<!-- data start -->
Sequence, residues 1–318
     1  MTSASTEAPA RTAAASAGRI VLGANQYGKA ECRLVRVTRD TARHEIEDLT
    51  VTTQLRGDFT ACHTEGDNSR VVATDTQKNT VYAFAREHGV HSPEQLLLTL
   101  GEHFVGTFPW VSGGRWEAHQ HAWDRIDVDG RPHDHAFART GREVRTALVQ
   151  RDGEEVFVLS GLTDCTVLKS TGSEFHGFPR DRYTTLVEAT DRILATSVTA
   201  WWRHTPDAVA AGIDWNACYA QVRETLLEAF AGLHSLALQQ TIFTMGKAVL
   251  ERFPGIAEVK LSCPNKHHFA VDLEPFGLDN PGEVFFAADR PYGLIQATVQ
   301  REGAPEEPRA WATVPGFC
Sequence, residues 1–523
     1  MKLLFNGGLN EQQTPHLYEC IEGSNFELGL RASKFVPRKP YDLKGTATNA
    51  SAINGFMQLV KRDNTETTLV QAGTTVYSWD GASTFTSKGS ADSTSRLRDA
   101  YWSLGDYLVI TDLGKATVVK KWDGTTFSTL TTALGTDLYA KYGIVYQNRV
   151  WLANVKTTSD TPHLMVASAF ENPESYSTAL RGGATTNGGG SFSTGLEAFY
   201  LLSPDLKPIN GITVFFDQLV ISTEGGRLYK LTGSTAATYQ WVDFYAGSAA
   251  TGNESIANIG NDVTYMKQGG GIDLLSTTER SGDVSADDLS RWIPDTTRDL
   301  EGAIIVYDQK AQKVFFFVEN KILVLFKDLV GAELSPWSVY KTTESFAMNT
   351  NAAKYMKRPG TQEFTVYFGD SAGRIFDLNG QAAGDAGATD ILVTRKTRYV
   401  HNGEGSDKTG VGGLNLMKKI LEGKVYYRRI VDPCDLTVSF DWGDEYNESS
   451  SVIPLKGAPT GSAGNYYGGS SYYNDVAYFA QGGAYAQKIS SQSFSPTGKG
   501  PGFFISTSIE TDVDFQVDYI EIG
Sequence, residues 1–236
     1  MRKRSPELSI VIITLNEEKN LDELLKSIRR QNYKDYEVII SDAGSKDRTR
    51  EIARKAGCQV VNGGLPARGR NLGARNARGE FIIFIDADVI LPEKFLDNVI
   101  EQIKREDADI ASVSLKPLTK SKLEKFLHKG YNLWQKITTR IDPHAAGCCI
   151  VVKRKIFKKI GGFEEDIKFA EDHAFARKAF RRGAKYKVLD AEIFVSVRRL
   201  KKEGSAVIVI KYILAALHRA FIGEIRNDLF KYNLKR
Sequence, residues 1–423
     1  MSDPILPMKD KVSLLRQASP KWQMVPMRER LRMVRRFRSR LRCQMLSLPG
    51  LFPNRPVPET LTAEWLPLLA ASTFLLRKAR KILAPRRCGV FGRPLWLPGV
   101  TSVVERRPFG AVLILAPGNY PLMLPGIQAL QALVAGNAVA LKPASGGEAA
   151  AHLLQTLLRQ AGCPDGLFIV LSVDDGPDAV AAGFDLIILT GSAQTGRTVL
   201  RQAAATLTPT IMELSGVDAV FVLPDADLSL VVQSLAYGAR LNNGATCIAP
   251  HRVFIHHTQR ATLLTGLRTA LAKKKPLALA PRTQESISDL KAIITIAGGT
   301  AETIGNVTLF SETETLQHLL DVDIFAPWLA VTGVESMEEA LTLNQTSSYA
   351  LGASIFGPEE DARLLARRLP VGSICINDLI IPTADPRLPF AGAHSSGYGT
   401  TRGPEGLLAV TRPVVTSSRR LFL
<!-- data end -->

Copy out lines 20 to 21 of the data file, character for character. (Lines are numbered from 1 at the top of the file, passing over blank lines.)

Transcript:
   501  PGFFISTSIE TDVDFQVDYI EIG
Sequence, residues 1–236